Three Threads

Three Threads by | Sep 2009 | Issue #32

Where do you see the future potential growth for craft beer imports within the US market over the next few years?

Lanny Hoff
Eastern sales director, Artisanal Imports, Inc.

I view smaller markets (i.e., not Chicago, LA or New York) as being important areas of growth for us in the years to come. It’s always been important to work hard to get a toehold in big cities, but as good beer spreads, it becomes easier to imagine real growth coming from less densely populated cities and states. Domestic craft beers are opening the minds of consumers and, once opened, they do not close again. This is just as true in Charlotte, [N.C.,] as Chicago, and if we are there with good imports and spend a little time educating people, it creates opportunities. I believe that good beer—regardless of its origin—begets more good beer, and that imported craft beer will continue to play a significant role in the American beer scene and will enjoy increased sales alongside its domestic brethren in every nook and cranny of the marketplace.

Joe Lipa
National sales manager, Merchant Du Vin Corp.

I think the best is yet to come for specialty imports because American palates are changing at a rate of speed that I have never seen. This has happened due to the wide variety of beers now being offered in restaurants and stores. Another important dynamic that ensures long-term growth is that beer has finally connected to food, thus gaining similar respect as wine. Merchant du Vin conducted beer dinners and food pairings 30 years ago. People thought we were out of our minds. My, have things changed. Also, today’s beer drinkers are choosing beers vertically and folklore breweries like Samuel Smith, Ayinger, Orval Trappist and Lindemans are benefiting. The specialty import trade winds will be are at our backs for many years to come.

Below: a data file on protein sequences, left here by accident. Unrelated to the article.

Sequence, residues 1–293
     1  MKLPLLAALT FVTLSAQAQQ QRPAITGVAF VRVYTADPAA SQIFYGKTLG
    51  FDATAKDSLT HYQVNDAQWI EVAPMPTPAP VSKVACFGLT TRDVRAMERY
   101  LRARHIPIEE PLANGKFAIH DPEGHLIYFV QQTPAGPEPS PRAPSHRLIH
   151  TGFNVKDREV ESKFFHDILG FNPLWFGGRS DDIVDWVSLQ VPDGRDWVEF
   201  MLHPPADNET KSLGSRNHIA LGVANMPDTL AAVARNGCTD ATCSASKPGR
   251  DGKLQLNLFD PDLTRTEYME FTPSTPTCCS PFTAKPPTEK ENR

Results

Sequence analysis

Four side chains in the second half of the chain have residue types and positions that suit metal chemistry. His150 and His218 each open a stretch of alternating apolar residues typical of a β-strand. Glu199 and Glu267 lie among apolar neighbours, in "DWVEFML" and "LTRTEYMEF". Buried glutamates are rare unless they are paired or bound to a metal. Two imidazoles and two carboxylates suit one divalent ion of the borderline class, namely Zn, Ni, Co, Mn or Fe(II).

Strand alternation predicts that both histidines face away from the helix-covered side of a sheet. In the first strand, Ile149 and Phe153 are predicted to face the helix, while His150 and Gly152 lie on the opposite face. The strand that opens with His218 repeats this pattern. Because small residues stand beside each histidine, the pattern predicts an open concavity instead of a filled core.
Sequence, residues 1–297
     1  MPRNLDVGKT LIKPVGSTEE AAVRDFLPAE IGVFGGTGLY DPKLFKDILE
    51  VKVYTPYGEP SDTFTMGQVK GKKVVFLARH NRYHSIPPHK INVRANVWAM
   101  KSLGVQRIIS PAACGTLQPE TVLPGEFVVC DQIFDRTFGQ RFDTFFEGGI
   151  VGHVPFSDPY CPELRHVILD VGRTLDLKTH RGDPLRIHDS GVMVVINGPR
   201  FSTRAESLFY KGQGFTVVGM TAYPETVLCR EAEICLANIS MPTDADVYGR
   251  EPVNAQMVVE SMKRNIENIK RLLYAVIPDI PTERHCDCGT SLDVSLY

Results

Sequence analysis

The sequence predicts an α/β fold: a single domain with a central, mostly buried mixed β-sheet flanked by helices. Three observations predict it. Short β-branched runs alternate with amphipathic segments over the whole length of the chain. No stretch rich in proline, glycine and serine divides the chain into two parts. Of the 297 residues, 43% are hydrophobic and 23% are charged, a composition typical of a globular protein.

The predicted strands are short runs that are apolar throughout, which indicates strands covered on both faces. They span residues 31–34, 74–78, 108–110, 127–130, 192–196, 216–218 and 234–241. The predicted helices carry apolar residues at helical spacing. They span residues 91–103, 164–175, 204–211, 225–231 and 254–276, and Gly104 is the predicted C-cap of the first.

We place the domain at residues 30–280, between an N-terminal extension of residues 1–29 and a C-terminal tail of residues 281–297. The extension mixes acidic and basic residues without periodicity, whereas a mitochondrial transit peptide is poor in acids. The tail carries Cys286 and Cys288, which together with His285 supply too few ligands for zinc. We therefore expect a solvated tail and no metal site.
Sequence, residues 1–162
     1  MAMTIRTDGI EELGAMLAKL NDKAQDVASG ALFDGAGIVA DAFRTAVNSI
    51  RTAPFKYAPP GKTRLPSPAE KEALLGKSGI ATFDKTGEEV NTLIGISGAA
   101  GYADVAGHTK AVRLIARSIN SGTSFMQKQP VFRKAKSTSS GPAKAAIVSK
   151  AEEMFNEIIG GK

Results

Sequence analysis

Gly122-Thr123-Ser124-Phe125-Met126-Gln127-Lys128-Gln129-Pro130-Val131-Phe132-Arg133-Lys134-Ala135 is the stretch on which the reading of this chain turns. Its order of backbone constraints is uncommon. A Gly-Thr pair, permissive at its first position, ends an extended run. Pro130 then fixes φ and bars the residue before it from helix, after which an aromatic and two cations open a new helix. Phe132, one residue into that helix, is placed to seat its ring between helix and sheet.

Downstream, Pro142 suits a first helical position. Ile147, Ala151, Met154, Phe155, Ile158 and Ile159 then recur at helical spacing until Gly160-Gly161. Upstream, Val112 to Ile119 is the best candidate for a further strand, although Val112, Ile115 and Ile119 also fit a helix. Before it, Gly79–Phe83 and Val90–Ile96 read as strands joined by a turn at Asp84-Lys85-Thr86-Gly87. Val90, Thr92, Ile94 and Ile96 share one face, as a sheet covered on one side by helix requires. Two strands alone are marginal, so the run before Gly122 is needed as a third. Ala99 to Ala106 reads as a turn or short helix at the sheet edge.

Matthias Neidhart
President, B.United International Inc.

We are seeing good news and bad news. I will not speculate on macro factors such as inflation, exchange rates, increase in beer taxes, etc.

Bad news: More and more breweries from abroad will enter the US market to compensate for lack of growth in their respective home markets. Many of these breweries define themselves as “craft or specialty brew” simply because they are brewed abroad. They will further clog up the entire distribution and retail shelf system. More importers will open shop; more of everything, but with less quality. In addition, the rapid pace of international brewing consolidation will keep marginalizing/destroying historic artisanal brews—all sad news.

Good news: More pockets of true artisanal brewing will open up abroad both in countries not known for “artisanal brewing,” such as Austria, Spain and Chile, and “traditional brewing” countries, such as Germany and England.

Such brewmasters will push new brews of unheard flavors/aroma complexity. New networks of brewmasters will develop “hybrid brews,” such as Birra del Borgo’s Duchessic from Italy blended with 1-year-old Lambic from Cantillon Brewery in Belgium. Even more exciting, though, are new innovations that completely annihilate the separation between wine, beer and spirits, such as Uerige Stickum, which is Uerige Sticke distilled to 65-percent ABV and then matured in cognac barrels for over 18 months. Lastly, the concepts of superb quality—think “bad kegs”—and environmental concerns will push the most ambitious importers to design completely new ways of doing business, all in the name of providing the distinguished US consumer with the “highest quality” of extraordinary artisanal products brewed abroad.